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It should not be surprising to see heightened police and military presence and the persecution of the social leaders at the forefront of the organization in months to come
Marino Alvarado │ At the time of writing this article, it was unofficially known that 23 people were killed in an operation carried out by the Special Actions Forces of the National Police (FAES) in the working-class neighborhood of La Vega in Caracas.
Never before in the history of the country, either before or during the governments of Chávez and Maduro, had a “public safety” operation resulted in such a high number of victims.
In the so-called People’s Liberation Operations (OLP) that were carried out perpetrating crimes against humanity, the operations with the highest number of victims took place on July 13, 2015, on Cota 905 with 15 murders, the Valle Coche massacre in May 2016 with 14 murders, the Carabobo massacre with 13 victims in October 2015 and the Barlovento Massacre in October 2016 with 12 forced disappearances.
The La Vega massacre is the continuation of a policy, under the criterion that the “end justifies the means”, meant to do away with whomever the authorities designate as criminals and, in the pursue of the objective, murder people involved or not in criminal acts. There is not the slightest interest in investigating, arresting, and prosecuting suspected criminals, but in taking their lives. A policy of extermination. A drip massacre -as criminologist Keymer Ávila has called it- that is sowing mourning and suffering in mainly poverty-stricken areas.
The Bolivarian National Police, through its elite body the Special Action Forces (FAES) and the Bureau for Scientific, Criminal and Forensic Investigations (CICPC), are the two security organizations responsible for the largest number of violations of the right to life.
From 2010 to August 2020, security forces in Venezuela had murdered more than 27,000 people. Most of these homicides are justified by the government under the figure of resistance to authority.
The silence of those who have held the position of Ombudsman of the Republic, and the lack of political will from the Public Ministry to investigate and punish the accountable, including the chains of command at middle and high ranks, served and still serves as encouragement to the government leadership and the heads of the police forces to continue implementing this policy.
The State has an obligation to guarantee public safety, but it cannot turn its officials into criminals who act outside the law, perpetrate all kinds of crimes and end up generating more insecurity. In the end, the entire population is damaged.
What has been happening is continual extermination that pursues a different objective under the shield of the so-called fight against crime. In a strategy to exercise and reinforce social control over the population. To scare, to create the feeling that you can be the next victim and that raising your voice or demanding your rights bears a risk.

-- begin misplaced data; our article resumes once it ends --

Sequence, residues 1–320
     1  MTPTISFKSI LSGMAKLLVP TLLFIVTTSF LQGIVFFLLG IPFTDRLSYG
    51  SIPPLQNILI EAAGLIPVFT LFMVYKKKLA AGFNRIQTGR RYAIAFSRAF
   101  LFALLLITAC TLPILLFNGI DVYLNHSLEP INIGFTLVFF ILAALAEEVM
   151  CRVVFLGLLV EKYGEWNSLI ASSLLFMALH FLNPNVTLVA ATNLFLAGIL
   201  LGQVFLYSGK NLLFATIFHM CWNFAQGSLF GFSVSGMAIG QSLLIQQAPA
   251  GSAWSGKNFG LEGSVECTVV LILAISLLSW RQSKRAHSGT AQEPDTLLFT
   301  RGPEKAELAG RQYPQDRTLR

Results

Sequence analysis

When the OLPs were first deployed, several organizations and human rights activists warned that the government was also trying to counter social protest. And in the context of the Popular Rebellion of 2017, much of what had been implemented in working-class neighborhoods during said police operations was deployed against the protests.
Besides tackling crime, it is very likely that the events in La Vega also had the purpose of appeasing the growing social protest that had been taking place.
In the second half of 2020, the residents of the neighborhood carried out a series of highly organized actions to demand improvements in public services. The last protest took place at the end of the year and had broad community participation. The struggle of the residents, in one way or another, had become an example for other working-class neighborhoods affected by the chaos in public services. A benchmark for social struggle that was turning the light that could guide other communities.
Therefore, it should not be surprising to see heightened police and military presence and the persecution of the social leaders at the forefront of the organization and mobilizations in months to come.
For those who think that violence prevails in that area of Caracas, it must be emphasized that this community has historically shown an intense community and cultural activity and it is one of the most socially tight-knit communities in the city. I am sure that their organizational capacity and their willingness to continue fighting for better living conditions will prevail over any manifestation of violence, whether from crime or from the State institutions.
Transated by José Rafael Medina